In a career that spans 30 years, Britain's Jon Langford has turned from a punk rocker
to crafty country musician. He'll lead the Waco Brothers on Saturday night in the finale of Twangfest 12.

By Barry Gilbert
St. Louis Post-Dispatch

June 5, 2008



When: 9 p.m. (doors open at 7 p.m.)
Where: Blueberry Hill Duck Room, 6504 Delmar Boulevard
How much: $20
More info: 314-727-0880 or ticketmaster.com


HOMETOWN: Austin, Texas
WHO: Multi-instrumentalist singer-songwriters Kevin Russell and Jimmy Smith; Claude Bernard, accordion, keyboards; Keith Langford, drums; Max Johnston, banjo, fiddle, guitar.
On CD: "Noble Creatures," their 10th studio CD,
BOTTOM LINE: At once funky and twangy, the Gourds happily mix any and all American music forms into a distinctive, danceable stew. The band is blessed with multi-instrumentalists and four singers.


James Brown meets Otis Redding in this Nashville-based, old-school R&B band. The title of its new, horn-fueled CD says it all: "Kaboom."


These Detroit-based Twangfest veterans produce a heady mix of alt-country, heartland rock and Stonesy roots rock. Their latest CD is last year's "Silver Mountain."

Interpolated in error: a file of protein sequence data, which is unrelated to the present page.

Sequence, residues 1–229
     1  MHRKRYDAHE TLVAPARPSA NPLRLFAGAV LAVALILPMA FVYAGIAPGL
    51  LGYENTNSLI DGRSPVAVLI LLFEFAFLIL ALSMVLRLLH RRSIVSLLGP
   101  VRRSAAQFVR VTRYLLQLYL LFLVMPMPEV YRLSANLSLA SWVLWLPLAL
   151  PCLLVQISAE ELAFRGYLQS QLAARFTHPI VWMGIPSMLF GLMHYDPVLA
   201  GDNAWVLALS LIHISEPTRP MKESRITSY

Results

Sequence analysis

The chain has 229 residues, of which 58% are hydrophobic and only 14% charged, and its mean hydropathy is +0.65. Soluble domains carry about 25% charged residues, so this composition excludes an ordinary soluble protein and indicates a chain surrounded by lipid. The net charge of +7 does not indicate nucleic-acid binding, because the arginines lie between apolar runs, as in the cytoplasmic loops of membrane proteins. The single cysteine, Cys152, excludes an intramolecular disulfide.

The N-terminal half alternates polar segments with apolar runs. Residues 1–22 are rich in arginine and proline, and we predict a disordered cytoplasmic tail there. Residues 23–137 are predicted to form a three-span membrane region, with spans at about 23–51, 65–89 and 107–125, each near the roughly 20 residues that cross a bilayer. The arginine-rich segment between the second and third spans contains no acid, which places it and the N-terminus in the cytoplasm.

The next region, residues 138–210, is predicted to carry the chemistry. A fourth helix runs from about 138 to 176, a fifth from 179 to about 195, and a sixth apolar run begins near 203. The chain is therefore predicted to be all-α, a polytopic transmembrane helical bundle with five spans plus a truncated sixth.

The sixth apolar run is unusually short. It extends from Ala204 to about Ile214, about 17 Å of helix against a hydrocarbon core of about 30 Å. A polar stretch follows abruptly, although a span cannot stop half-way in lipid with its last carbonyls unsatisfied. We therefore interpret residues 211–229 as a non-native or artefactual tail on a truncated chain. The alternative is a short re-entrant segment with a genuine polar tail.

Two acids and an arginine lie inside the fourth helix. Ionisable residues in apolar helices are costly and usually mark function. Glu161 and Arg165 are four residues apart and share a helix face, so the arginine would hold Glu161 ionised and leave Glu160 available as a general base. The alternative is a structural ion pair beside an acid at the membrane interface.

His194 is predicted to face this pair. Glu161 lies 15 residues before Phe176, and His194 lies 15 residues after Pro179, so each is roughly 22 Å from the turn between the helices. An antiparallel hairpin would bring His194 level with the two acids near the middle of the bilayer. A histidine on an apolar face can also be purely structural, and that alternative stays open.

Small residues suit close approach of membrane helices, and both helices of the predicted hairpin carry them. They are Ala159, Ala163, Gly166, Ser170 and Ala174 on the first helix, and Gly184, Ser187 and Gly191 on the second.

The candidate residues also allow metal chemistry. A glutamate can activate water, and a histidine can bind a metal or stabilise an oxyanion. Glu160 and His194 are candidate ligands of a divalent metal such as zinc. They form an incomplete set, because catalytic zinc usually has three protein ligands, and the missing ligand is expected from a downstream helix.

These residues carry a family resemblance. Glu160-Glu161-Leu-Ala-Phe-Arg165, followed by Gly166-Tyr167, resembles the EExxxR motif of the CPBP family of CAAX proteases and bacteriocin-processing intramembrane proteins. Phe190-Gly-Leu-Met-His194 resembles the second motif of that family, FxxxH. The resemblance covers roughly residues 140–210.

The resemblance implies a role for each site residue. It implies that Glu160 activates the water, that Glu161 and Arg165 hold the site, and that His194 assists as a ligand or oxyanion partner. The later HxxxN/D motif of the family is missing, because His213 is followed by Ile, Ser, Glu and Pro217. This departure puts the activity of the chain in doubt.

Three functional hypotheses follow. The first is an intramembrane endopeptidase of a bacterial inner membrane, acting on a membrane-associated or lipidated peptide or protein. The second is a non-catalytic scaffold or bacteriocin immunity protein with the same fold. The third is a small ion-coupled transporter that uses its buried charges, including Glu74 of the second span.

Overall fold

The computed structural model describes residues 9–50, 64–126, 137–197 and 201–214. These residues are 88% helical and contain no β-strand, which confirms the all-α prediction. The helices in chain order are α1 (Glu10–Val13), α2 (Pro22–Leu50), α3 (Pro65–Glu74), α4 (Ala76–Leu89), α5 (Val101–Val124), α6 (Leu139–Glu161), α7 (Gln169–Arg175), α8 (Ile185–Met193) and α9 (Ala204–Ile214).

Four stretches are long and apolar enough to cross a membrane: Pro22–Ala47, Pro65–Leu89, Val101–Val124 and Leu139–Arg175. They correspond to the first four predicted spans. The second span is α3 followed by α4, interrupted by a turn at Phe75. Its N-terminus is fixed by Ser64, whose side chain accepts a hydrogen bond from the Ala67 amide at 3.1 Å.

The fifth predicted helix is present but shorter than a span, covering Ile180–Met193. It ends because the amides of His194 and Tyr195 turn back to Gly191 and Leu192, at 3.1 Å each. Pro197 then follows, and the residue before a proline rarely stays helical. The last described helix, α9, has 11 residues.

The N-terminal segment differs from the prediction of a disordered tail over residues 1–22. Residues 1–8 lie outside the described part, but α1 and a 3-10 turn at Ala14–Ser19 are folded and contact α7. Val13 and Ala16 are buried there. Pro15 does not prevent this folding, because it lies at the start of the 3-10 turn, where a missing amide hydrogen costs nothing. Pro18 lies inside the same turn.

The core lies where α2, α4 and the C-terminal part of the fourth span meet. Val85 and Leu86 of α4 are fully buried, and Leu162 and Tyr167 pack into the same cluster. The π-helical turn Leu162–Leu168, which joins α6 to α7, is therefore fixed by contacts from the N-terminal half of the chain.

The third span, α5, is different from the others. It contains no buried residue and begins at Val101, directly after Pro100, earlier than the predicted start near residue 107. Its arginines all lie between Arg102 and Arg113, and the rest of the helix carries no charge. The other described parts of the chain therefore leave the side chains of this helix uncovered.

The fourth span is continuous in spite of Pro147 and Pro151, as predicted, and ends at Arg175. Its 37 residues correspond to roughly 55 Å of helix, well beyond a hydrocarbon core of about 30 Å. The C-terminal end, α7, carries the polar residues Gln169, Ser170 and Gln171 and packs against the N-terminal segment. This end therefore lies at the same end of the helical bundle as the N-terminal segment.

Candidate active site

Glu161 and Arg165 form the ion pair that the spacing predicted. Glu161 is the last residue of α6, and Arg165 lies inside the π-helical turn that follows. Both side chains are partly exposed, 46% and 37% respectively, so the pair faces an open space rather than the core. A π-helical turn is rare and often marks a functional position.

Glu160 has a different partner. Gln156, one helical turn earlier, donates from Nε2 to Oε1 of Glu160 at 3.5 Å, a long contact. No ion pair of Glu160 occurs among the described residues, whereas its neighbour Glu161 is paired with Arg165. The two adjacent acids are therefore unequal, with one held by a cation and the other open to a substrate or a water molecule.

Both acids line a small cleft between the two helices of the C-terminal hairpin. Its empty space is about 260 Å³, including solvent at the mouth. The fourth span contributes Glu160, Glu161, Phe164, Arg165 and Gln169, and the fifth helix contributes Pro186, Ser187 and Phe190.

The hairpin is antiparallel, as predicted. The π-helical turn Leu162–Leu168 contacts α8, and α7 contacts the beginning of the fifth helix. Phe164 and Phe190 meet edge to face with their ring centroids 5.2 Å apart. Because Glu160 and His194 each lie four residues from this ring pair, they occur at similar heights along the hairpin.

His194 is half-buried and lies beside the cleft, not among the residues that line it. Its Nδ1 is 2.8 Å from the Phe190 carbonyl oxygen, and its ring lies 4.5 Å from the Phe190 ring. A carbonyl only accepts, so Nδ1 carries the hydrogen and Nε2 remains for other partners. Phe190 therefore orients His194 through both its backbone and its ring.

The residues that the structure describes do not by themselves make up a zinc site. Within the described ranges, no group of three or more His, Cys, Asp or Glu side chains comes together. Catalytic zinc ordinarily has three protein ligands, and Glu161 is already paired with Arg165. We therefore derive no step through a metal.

WHEN: 8 p.m. (doors open at 7 p.m.)
WHERE: The Pageant, 6161 Delmar Boulevard
MORE INFO: 314-726-6161 or ticketmaster.com

OLD 97'S

WHO: Singer-guitarist Rhett Miller; singer-bassist Murry Hammond; guitarist Ken Bethea; drummer Philip Peeples.
ON CD: The just-released "Blame It on Gravity"
BOTTOM LINE: Fueled by Miller's looks and the band's musical chops, the 97's (named for an old Johnny Cash song) take punk energy and cycle it through country, rock and power pop, and spice it with humor and hooks. The band's recordings are excellent, but their shows are even better.


Three CDs into his career, this Houston native just keeps getting better. Carll is a sharp writer of observational story songs informed by a keen sense of humor. His latest CD, "Trouble in Mind," is his first major-label release.


St. Louis' Raphael Maurice (guitar, vocals), Randall Eickmeyer (bass) and Adam Anglin (drums) mine the harder-rocking side of Americana music.